In November of 2021, after a trial in the Western District of Oklahoma, a federal jury found Bobby Chris Mayes, Charles Gooch and Courtney Wells guilty of conspiracy, issuanace of forged securities, aggravated identity theft and wire fraud.
The trio were co-owners of the Big Red Dealerships (Big Red Sports/Imports, Big Red Kia, Norman Yamaha, Norman Mitsubishi, and Mayes Kia).
They were found to have illegally obtained millions of dollars in loan proceeds after making false statements (or omissions) to lenders about down payments from borrowers or car trade-ins, in the course of business from February 2015 until late 2017.
A press release about the convictions from the U.S. attorneys office used the terms "false" and "fictitious" and "fraudulent" often, and detailed the lengthy terms of imprisonment and various fines they might face upon sentencing.
Below is a brief summary of the 17-page request (filed in June of this year) from defense lawyers for Mayes in which they seek a new trial, and a longer summary of the federal lawyers’ 28-page compilation of arguments against that request.
The contending briefs are in the case “United States of America, plaintiff vs. Bobby Chris Mayes, defendant. No. CR-20-240-F, in the U.S. District Court for the Western District of Oklahoma. For further information, both legal briefs should be studied.
Sketching a brief for Bobby Chris Mayes from several attorneys, including Vicki Behenna
In June, attorneys Rachel N. Jordan, Vicki Zemp Behenna and William H. Bock noted that Mayes had “always maintained that he did not know pawn items were being overvalued or in-and-out transactions were taking place.”
The brief assailed the government’s main witness (Andy Elliot), describing him as a “master manipulator” who had a non-prosecution accord with the U.S. Attorney’s office.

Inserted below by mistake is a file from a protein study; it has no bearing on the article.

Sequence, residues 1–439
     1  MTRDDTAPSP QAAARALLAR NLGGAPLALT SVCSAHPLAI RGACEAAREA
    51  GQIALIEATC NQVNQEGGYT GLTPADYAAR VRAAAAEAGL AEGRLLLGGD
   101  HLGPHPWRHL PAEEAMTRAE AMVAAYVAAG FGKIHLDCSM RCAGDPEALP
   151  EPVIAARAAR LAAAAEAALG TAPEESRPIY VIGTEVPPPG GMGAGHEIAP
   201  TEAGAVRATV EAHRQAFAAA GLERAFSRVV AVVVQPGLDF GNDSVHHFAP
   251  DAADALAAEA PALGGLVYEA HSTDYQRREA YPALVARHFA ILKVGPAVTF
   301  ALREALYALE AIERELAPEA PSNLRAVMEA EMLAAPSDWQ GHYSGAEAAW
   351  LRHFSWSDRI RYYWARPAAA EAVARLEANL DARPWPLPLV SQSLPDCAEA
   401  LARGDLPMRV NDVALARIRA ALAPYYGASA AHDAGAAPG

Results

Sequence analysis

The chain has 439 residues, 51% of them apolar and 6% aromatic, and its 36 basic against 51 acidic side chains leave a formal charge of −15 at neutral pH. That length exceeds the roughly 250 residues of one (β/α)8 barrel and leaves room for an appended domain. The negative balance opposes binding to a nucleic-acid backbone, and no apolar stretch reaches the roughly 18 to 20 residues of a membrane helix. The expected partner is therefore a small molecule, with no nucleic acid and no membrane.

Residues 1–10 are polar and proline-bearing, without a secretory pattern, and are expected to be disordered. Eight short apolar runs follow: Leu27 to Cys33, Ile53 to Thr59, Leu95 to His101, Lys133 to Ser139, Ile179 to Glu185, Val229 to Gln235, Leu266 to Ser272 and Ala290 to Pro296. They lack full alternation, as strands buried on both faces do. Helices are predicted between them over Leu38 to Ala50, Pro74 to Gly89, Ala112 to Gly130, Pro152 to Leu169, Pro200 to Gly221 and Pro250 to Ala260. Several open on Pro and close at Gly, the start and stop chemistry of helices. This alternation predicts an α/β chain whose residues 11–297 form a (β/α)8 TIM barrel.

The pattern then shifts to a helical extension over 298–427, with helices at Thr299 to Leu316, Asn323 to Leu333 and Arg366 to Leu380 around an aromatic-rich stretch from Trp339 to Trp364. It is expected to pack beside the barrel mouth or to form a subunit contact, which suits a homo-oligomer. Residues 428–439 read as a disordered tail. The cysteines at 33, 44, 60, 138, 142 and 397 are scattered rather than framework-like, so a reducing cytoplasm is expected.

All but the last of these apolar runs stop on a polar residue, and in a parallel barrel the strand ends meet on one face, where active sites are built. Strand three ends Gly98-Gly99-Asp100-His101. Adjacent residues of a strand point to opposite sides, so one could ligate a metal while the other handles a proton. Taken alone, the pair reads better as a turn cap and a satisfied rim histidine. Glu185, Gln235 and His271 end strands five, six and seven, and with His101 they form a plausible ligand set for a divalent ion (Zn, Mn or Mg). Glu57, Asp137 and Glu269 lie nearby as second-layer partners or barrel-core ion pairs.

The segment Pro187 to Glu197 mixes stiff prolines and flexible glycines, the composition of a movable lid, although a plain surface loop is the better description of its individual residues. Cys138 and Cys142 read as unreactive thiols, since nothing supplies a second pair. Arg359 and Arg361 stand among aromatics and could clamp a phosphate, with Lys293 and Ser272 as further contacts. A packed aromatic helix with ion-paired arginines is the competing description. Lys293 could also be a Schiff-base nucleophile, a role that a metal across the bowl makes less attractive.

The brief for Mayes said Elliot “lied to the government to save himself and he lied at trial.”
Their request for a new trial described what the defense says is post-conviction discovery (by a Big Red employee) of a notebook “containing notes that appeared to be written by Ms. Wells” which demonstrated she was looking for other countries in which to live.
(And, Wells wrote her daughter a note “suggesting she did not intend to return” from the vacation she started while out on bail pending sentencing.)
Within days of asserted discovery of that printed material, defense counsel moved for a new trial.
In the narrative from Mayes’ counsel, when he looked at his personal email (“which he does not check on a regular basis”) he “discovered” (in the words of his counsel’s brief) “an email from Ms. Wells” that amounted to “a confession to the crimes for which the defendants were convicted.”
The email from Wells, the brief continued, told Mayes where to look for physical copies of “a few emails and copies of checks” that would essentially exonerate him.
The Prosecutors Reply to the request for a new trial
Last month, a reply to that request was filed “by and through United States Attorney Robert J. Troester and Assistant U.S. Attorney Thomas B. Snyder.”
The federal prosecutors – putting it mildly -- rejected arguments for Mayes in virtually every particular.
As a legal matter, the attorneys argued in the August 23 brief, Mayes cannot meet “the “high legal standard required to justify a new trial.”
They insisted that precedent aside there is no “factual basis to grant a new trial or disturb the verdict of the jury previously entered in this case.”